European Jews are all related, scientists say, and a new study reported by LiveScience gives a sense of just how closely. "Everyone is a 30th cousin"—or more closely related—in the Ashkenazi Jewish population, says researcher Itsik Pe'er.

"They have a stretch of the genome that is identical." Most US Jews are descended from the Ashkenazi Jews of Central and Eastern Europe; about 80% of today's Jews are of Ashkenazi descent, Maine News reports.

The findings suggest, as NBC News notes, that if you're an Ashkenazi Jew, you can say Albert Einstein was your 30th cousin—at the furthest. Pe'er's team made its find by comparing 128 Ashkenazi Jews' genomes to 26 Belgian Flemish genomes, identifying markers seen only among Ashkenazi Jews.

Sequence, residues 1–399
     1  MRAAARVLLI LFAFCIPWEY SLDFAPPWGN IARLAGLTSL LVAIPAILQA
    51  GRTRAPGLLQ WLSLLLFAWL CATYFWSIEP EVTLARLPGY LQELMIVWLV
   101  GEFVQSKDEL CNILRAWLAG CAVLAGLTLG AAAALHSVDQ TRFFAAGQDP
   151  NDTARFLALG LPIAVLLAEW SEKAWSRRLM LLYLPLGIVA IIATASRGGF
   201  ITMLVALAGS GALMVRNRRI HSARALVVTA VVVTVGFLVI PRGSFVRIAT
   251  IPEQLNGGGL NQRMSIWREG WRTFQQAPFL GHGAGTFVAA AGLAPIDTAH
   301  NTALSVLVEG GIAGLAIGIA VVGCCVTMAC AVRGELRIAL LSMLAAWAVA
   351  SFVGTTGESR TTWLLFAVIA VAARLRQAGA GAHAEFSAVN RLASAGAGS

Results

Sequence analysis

The process pointed to a small ancestral "bottleneck" population of some 350, a founding group that lived about 600 to 800 years—or 30 to 32 generations—ago.

They themselves were descended from European and Middle Eastern people, the study suggests. The findings could also help today's Ashkenazi population healthwise: Diseases like Tay-Sachs and breast cancer are relatively common among them, and the genome analysis could make it easier for doctors to spot risk.

(Reports earlier this year suggested that Adolf Hitler's wife, Eva Braun, may have been descended from Ashkenazi Jews.)

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